The poets now standing near platform one
“What’s this, a Punch and Judy?” inquired one curious bystander as the Worcestershire literature festival’s Martin Driscoll was setting up chairs, mic and amplifiers for the Steam Poets on the concourse at Kidderminster Town station on the Severn Valley Railway. I explained to him that it wasn’t Punch and Judy, but poetry.
“Dylan Thomas?” he asked, hopefully. I replied, a tad sniffily, that I didn’t believe that Dylan Thomas had written many, if any, poems about trains – another black mark against him in my book. The bystander shook his head, and walked away, possibly regarding this as a niche attraction that wasn’t for him.
But reading poetry about trains on a steam railway station ticks so many boxes for me, my pen almost runs out of ink. On Thursday 26 June compere Dave Reeves, “steampunk poet” Suz Winspear, pictured, Bert Flitcroft, Alison Absolute, Rohit the Poet, and myself – and not forgetting “Emergency Poet” Deborah Alma, parked in her 1960s ambulance outside the station to offer poetic remedies to passersby – attempted to attract the attention of train travellers with a quick-fire selection of railway-themed poetry, plus a dash of gothic horror, and some tunes from Dave’s squeezebox.
Dave Reeves, poet in residence at the Black County Living Museum in Dudley, and compere-interviewer of live lit internet radio Radio Wildfire, kicked off proceedings with his comic, dialect-tinged song ‘The Owd Wuss ‘n’ Wuss’, about the long-gone Oxford, Worcester and Wolverhampton railway, colloquially known as the Old Worse and Worse. Alison Absolute, last year’s Worcs lit fest slam winner, offered a limerick about ‘Adlestrop’, another poem about a disappointing, brief encounter on a train, balanced by a more rewarding sight of fingers dancing over a laptop on another journey. Bert Flitcroft used a succession of railway metaphors – “reading signals can be difficult” - in a poem called ‘S.P.A.D’ (signal passed at danger, a railways term to log incidents) to describe the end of a marriage, and a wife who “passing a red, pulled out of the sidings”. Bert, a man after my own heart, also issued a plea for a reassessment of the much-maligned anorak wearer: “You never met a dishonest trainspotter, underlining numbers he hadn’t seen.”
Rohit Ballal (aka Rohit the Poet) delivered a paean of praise to the steam train, “The lion of the revolution standing proud,” while steampunk poet Suz Winspear – she works in a Victorian museum by day, but by night … - took us a trip to the dark side of the 19th century with poems such as ‘Reanimation’ and ‘The Automatic Clown’. I contributed poems about an old branch line, the statue of Betjeman at St Pancras, and a “found” poem made up of famous lines of other poems about railways, including ‘Adlestrop’, of course, ‘The Whitsun Weddings’, and ‘Night Mail’. I also read a tribute to the Severn Valley Railway itself, which I’d knocked out in the café that morning.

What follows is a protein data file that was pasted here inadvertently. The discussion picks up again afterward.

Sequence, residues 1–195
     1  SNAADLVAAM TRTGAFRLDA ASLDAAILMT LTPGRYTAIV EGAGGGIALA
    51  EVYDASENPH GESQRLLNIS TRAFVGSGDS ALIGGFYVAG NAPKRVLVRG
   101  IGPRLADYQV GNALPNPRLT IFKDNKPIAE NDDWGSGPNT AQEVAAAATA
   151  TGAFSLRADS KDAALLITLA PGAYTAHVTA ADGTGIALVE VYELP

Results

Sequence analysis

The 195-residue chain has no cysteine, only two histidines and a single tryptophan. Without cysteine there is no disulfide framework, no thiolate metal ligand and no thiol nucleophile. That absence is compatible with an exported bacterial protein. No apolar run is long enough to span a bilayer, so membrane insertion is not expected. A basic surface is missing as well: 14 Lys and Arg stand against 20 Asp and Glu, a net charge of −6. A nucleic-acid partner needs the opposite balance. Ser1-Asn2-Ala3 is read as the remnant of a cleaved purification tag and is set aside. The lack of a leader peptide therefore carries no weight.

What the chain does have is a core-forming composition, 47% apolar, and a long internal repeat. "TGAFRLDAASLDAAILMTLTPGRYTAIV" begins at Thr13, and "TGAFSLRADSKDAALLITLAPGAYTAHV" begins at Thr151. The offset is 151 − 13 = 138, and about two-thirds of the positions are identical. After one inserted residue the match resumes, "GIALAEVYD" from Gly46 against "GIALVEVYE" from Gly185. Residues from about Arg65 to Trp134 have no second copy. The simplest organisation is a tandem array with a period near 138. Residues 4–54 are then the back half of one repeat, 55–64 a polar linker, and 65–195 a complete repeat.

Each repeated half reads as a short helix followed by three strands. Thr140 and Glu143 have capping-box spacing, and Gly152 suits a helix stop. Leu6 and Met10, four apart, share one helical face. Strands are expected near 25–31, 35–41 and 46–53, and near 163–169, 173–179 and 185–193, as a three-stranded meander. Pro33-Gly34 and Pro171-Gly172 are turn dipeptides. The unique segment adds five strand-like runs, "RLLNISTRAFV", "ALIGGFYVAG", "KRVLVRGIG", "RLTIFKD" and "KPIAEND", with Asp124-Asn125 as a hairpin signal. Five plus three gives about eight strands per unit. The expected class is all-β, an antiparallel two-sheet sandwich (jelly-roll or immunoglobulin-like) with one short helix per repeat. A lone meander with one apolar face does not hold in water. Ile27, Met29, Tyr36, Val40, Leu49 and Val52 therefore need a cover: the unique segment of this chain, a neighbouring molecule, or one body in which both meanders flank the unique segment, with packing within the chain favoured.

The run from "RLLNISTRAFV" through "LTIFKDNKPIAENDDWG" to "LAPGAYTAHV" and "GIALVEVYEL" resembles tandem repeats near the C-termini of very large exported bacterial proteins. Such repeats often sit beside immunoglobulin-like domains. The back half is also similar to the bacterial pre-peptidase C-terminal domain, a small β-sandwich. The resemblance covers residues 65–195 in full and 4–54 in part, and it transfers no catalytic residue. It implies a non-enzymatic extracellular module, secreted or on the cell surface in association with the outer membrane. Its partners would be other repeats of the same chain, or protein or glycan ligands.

A well-deserved tribute, for the station staff at Kidderminster were unfailingly good-humoured and helpful to us, as they tried at the same time to go about their railway business.
We performed three sessions of Steam Poetry between 11am and 3pm, trying to stage it just before/just after the departure/arrival of trains. Timetabling is a complex business, of course, and it must be conceded that our first session was thinly attended. Things improved for the second session, and by the third we had a packed audience, made up of a coachload of older people waiting to board their train, who had been persuaded to listen first to some poetry. Some of the credit for assembling this audience should go to Bert Flitcroft, who is experienced in dealing with the general public from numerous readings in libraries – a poet with the human touch.
Cherished memories of the day include Dave Reeves, a masterly MC, manipulating the mic to mimic the sound of a steam engine puffing up a hill, and the Goth-garbed Suz Winspear wreathed in smoke and briefly drowned by whistles as the Pannier tank from Bridgnorth arrived in triumph. A truly Victorian moment.
The lit fest’s Martin Driscoll is already talking about timetabling Steam Poetry on the festival programme again next year, with a few tweaks to the scheduling and staging. I’d love to be on that train again.